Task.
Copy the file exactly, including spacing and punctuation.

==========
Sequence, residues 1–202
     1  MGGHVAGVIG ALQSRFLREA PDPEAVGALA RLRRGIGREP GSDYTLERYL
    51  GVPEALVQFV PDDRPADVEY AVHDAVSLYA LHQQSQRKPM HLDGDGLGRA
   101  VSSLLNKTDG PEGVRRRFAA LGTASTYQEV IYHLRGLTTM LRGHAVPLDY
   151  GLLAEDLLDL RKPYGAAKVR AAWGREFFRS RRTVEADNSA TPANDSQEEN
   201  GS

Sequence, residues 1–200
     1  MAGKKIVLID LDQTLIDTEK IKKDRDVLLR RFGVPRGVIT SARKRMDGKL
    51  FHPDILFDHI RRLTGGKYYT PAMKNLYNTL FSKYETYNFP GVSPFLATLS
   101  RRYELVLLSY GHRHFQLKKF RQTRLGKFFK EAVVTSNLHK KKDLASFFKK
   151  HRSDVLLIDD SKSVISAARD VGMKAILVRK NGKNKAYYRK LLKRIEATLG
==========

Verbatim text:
Sequence, residues 1–202
     1  MGGHVAGVIG ALQSRFLREA PDPEAVGALA RLRRGIGREP GSDYTLERYL
    51  GVPEALVQFV PDDRPADVEY AVHDAVSLYA LHQQSQRKPM HLDGDGLGRA
   101  VSSLLNKTDG PEGVRRRFAA LGTASTYQEV IYHLRGLTTM LRGHAVPLDY
   151  GLLAEDLLDL RKPYGAAKVR AAWGREFFRS RRTVEADNSA TPANDSQEEN
   201  GS

Sequence, residues 1–200
     1  MAGKKIVLID LDQTLIDTEK IKKDRDVLLR RFGVPRGVIT SARKRMDGKL
    51  FHPDILFDHI RRLTGGKYYT PAMKNLYNTL FSKYETYNFP GVSPFLATLS
   101  RRYELVLLSY GHRHFQLKKF RQTRLGKFFK EAVVTSNLHK KKDLASFFKK
   151  HRSDVLLIDD SKSVISAARD VGMKAILVRK NGKNKAYYRK LLKRIEATLG